Worldwide semiconductor sales were better than expected in April, according to the SIA. Sales topped US$15.6 billion, 6.4% higher than March when sales were US$14.7 billion. However, April sales were 25% lower than April 2008 when sales were $20.9 billion. Seasonal sales patterns have returned, though at lower levels, SIA said.
“The better-than-expected 6.4 percent sequential increase in April sales was driven by moderate improvements in a number of end-demand drivers and inventory replenishment,” said SIA President George Scalise. “The PC market – a major consumer of semiconductors – has been stronger than predicted earlier in the year. Consensus forecasts currently project that PC unit sales in 2009 will decline by about 6 percent compared to earlier forecasts of a decline in the range of 12 percent. Analysts are also more optimistic about cell phone unit sales, which are now projected to decline by around 7 percent compared to earlier forecasts of 15 percent. PCs and cell phones account for nearly 60 percent of all semiconductor consumption.”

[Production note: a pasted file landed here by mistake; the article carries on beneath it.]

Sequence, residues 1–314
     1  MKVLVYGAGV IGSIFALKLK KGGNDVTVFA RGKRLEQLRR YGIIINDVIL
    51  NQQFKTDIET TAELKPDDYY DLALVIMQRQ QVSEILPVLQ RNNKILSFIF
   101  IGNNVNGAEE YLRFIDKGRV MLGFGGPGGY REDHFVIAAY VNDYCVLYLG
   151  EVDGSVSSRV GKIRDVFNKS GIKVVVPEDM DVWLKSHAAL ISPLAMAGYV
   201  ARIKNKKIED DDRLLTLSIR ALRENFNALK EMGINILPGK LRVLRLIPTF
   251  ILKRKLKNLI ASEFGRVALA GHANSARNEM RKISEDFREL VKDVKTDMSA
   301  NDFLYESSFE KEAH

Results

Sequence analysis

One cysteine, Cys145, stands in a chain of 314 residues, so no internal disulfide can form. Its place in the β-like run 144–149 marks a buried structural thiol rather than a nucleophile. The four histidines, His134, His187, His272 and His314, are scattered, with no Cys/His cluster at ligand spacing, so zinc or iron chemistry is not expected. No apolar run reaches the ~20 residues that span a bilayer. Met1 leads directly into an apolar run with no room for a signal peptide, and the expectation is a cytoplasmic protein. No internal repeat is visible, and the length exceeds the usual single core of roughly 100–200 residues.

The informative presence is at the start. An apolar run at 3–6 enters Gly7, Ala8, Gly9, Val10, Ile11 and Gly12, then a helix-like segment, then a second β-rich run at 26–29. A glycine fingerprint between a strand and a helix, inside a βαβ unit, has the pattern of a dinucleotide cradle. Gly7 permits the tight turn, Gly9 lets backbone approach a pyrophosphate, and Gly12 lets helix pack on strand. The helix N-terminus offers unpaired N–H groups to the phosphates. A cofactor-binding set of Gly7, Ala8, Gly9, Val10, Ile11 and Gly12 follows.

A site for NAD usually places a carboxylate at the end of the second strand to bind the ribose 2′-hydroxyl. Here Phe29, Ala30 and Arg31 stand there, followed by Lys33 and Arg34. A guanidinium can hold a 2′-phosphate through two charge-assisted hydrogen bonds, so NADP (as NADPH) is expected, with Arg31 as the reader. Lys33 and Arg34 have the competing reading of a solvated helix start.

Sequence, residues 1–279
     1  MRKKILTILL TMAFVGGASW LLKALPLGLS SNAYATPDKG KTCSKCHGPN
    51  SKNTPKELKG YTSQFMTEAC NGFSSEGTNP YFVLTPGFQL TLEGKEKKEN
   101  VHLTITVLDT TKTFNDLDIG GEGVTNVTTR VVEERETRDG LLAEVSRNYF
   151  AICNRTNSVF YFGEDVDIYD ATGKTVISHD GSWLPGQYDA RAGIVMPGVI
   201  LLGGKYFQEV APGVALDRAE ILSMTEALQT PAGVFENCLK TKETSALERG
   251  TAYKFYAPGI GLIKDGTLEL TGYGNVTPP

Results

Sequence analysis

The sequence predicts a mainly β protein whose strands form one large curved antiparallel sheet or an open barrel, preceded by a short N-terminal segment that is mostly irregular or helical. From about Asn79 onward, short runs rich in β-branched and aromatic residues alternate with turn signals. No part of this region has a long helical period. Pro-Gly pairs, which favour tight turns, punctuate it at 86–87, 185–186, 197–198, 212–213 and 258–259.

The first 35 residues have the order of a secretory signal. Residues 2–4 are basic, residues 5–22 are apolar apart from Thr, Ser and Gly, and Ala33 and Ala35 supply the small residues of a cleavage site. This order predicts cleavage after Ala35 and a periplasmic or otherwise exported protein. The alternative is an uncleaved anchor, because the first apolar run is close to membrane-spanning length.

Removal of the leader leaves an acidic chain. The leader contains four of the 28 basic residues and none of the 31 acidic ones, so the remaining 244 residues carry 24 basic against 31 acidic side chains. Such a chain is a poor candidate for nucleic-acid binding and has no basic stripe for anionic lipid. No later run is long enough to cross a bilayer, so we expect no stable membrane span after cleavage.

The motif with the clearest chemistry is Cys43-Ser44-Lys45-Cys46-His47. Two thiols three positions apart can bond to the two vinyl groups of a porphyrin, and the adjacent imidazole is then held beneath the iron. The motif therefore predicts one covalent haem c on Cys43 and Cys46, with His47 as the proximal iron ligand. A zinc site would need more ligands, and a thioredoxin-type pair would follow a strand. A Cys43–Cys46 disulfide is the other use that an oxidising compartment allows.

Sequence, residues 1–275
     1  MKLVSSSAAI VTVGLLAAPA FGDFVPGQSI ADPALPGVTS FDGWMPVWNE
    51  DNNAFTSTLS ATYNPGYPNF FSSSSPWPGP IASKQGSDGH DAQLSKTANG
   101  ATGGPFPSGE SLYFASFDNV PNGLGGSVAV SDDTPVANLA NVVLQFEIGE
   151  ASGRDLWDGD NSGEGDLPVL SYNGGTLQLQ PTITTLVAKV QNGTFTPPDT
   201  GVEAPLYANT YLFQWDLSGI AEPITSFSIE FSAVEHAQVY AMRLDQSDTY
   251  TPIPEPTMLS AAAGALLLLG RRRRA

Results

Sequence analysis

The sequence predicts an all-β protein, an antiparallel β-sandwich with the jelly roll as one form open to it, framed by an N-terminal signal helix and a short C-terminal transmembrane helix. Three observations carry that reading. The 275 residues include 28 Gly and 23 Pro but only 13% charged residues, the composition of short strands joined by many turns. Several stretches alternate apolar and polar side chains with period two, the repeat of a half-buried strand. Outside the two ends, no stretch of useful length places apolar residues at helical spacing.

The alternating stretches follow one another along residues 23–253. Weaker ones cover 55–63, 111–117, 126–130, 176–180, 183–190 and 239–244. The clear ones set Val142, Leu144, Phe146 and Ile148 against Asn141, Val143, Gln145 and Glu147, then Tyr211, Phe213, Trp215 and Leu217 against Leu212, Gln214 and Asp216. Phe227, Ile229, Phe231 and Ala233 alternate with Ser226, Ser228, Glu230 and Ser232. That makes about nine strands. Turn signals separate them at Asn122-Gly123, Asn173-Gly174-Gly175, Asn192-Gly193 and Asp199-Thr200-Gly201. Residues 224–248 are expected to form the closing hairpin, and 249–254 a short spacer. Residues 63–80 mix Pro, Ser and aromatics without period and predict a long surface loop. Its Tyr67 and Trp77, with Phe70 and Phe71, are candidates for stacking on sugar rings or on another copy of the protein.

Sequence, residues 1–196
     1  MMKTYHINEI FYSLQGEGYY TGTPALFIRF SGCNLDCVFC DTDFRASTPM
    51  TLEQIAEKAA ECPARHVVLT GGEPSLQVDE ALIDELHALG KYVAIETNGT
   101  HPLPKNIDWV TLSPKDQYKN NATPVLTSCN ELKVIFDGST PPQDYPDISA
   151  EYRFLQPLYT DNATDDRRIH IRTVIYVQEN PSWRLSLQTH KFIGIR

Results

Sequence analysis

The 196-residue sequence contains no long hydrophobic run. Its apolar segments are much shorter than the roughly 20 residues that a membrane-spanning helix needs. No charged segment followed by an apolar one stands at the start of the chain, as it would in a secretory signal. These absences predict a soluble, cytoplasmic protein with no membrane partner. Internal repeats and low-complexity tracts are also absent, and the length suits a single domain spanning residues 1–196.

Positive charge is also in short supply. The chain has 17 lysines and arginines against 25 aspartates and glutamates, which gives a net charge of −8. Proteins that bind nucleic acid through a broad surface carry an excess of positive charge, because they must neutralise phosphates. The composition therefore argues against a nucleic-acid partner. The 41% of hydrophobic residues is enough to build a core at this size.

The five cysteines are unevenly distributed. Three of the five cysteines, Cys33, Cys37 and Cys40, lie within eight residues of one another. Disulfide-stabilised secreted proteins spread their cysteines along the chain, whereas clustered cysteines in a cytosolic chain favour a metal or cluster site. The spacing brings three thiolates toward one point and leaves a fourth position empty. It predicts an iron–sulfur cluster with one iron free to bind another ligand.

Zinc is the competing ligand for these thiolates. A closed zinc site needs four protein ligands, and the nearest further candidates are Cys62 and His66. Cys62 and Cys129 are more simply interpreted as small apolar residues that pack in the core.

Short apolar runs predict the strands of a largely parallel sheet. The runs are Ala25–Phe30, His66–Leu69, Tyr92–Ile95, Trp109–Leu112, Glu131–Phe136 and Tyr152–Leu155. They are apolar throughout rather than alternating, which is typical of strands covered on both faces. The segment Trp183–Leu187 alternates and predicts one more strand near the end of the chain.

The SIA noted that the worldwide automotive market, which accounts for about 7% of total semiconductor sales, remains weak. Asia Pacific and Japan were the only two regions that saw improving market conditions, Month-on-Month. Asia Pacific grew the most at 11.9%, supported by inventory replenishment, while Japan saw a 2.4% increase in sales after suffering significant declines in previous months. Year-to Year sales in Japan are down 39%. America’s saw 0.5% growth Month-on-Month.